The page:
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Abstract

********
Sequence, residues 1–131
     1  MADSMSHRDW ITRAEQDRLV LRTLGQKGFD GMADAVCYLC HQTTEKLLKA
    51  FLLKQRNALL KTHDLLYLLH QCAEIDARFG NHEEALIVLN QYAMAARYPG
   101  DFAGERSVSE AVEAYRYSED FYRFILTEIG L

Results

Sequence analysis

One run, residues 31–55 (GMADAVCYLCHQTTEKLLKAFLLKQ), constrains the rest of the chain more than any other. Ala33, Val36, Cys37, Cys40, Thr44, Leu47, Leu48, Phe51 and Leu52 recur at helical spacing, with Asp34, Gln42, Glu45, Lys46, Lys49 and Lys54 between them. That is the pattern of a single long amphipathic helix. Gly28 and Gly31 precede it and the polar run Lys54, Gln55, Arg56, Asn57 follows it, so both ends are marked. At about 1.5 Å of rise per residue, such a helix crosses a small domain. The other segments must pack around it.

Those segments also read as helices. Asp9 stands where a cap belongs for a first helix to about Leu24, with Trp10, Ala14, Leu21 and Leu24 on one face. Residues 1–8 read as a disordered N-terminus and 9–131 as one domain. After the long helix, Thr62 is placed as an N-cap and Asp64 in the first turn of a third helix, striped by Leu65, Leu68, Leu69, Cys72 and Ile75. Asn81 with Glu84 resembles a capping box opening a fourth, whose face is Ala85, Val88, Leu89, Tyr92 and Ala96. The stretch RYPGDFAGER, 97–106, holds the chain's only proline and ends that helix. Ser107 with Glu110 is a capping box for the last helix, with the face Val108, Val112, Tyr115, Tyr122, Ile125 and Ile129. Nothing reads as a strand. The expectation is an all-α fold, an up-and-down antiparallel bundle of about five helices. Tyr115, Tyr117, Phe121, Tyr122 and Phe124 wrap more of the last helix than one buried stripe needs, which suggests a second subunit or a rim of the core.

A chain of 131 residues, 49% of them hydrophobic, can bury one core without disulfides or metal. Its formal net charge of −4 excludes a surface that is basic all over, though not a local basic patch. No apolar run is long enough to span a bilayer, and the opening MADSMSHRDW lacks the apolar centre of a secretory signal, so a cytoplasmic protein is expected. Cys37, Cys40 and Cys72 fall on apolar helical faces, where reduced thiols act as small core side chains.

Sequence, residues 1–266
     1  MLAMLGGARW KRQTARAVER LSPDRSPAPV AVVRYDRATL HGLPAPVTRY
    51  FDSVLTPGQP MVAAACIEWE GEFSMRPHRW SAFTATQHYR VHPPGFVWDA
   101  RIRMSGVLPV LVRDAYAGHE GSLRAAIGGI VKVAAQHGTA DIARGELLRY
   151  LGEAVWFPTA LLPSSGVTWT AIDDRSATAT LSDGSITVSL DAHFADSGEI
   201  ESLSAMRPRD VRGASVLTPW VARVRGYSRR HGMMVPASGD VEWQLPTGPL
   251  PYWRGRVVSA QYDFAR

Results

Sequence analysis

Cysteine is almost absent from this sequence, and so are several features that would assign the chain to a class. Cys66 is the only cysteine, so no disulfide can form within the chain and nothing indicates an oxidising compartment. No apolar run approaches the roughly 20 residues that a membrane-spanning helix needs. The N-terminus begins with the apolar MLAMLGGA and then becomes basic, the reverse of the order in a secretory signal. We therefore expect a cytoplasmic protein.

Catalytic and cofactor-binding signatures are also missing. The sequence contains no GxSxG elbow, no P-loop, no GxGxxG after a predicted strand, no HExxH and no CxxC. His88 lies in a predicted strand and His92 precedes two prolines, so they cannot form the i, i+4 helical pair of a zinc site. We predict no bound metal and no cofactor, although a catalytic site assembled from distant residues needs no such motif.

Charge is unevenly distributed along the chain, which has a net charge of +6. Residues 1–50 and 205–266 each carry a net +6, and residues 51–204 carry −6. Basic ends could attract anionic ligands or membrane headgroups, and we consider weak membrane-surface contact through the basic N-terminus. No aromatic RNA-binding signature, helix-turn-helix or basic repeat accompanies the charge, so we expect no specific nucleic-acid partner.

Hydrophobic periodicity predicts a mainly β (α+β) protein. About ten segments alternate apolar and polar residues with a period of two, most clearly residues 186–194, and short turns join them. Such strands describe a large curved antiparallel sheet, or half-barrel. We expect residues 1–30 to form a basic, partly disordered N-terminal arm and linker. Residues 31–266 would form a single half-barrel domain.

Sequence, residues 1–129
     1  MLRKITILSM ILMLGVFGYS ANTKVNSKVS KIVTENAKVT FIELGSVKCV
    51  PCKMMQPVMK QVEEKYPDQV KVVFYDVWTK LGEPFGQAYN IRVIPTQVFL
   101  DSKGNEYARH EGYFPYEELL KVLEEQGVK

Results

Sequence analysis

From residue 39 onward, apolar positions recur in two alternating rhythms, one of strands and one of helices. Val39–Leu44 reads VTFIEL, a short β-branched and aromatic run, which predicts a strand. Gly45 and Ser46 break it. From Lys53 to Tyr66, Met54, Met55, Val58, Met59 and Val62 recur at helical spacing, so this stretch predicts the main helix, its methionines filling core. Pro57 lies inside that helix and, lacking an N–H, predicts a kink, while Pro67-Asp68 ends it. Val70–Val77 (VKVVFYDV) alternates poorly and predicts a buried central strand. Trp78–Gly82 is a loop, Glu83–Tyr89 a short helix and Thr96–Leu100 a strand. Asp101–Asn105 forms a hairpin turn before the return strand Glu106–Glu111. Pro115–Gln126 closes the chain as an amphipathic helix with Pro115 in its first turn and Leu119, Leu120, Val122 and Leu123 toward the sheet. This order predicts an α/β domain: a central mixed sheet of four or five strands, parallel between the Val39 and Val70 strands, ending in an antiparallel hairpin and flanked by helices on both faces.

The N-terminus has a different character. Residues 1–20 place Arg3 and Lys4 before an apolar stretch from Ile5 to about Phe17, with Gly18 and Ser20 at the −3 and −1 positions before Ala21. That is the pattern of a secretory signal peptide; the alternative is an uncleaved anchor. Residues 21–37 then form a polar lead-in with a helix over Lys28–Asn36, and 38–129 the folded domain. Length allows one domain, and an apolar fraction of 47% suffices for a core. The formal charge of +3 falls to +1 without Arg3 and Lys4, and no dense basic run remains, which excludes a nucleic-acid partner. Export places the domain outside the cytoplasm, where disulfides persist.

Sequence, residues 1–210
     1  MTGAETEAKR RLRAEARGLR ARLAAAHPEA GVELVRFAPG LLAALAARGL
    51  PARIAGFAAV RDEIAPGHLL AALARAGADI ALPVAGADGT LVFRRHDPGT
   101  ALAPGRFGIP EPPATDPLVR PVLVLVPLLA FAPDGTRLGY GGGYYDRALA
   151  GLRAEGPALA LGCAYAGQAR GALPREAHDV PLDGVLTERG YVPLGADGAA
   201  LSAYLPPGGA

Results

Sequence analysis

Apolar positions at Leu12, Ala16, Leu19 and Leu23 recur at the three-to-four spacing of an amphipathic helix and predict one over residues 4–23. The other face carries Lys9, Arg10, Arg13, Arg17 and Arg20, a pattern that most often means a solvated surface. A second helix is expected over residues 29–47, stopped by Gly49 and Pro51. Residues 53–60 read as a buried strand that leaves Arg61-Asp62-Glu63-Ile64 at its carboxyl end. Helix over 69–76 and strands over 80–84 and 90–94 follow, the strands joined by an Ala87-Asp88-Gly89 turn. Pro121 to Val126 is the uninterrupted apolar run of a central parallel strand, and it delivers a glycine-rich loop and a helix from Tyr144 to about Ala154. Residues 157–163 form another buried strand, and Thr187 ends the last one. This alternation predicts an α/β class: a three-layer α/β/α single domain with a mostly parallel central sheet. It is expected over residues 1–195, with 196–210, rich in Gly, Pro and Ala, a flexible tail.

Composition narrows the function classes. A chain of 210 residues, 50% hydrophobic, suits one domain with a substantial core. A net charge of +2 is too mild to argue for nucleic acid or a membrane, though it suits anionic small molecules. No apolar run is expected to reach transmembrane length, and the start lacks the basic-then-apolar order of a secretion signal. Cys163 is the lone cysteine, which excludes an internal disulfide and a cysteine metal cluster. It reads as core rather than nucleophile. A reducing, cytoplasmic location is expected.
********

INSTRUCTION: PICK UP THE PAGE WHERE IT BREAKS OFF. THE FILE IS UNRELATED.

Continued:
Among 237 patients with grossly noninvasive (intrathyroidal) papillary carcinoma of the thyroid treated by surgery at the Massachusetts General Hospital and followed for a median of 14 years, no patient had tumor recurrence either in the thyroid bed or opposite lobe. There were 12 metastatic recurrences with risks of recurrence 4.0% and 6.9% at 10 years and 20 years respectively. Eight of these recurrences were restricted to cervical lymph nodes and did not herald the development of more serious recurrent disease. The remaining recurrences were lung metastases in four patients, two of whom died, accounting for the only deaths from thyroid carcinoma in this series. Factors that influenced the risk of recurrence included lymph node metastases at initial surgery, large tumor size, and to a lesser extent, male sex. The majority of patients (176) had subtotal thyroidectomies, mostly lobectomy (131 patients). There was no evidence that the 61 patients who underwent total thyroidectomy fared better than those with similar patient and tumor characteristics on whom subtotal procedures were performed. The overall findings of this study strongly support the concept that intrathyroidal thyroid carcinoma can be successfully treated by conservative surgery.